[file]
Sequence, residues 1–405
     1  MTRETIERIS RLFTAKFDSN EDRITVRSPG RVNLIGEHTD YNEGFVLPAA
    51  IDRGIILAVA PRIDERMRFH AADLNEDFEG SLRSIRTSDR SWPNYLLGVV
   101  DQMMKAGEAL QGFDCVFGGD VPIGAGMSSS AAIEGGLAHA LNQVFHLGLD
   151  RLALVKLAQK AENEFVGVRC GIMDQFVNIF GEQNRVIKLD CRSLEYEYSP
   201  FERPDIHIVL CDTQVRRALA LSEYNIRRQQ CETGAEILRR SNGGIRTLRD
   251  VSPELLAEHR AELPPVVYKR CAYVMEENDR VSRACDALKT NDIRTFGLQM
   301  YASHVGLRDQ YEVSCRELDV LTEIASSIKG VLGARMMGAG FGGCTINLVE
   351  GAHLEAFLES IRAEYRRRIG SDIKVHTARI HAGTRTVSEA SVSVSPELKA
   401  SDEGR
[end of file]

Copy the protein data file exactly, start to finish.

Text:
Sequence, residues 1–405
     1  MTRETIERIS RLFTAKFDSN EDRITVRSPG RVNLIGEHTD YNEGFVLPAA
    51  IDRGIILAVA PRIDERMRFH AADLNEDFEG SLRSIRTSDR SWPNYLLGVV
   101  DQMMKAGEAL QGFDCVFGGD VPIGAGMSSS AAIEGGLAHA LNQVFHLGLD
   151  RLALVKLAQK AENEFVGVRC GIMDQFVNIF GEQNRVIKLD CRSLEYEYSP
   201  FERPDIHIVL CDTQVRRALA LSEYNIRRQQ CETGAEILRR SNGGIRTLRD
   251  VSPELLAEHR AELPPVVYKR CAYVMEENDR VSRACDALKT NDIRTFGLQM
   301  YASHVGLRDQ YEVSCRELDV LTEIASSIKG VLGARMMGAG FGGCTINLVE
   351  GAHLEAFLES IRAEYRRRIG SDIKVHTARI HAGTRTVSEA SVSVSPELKA
   401  SDEGR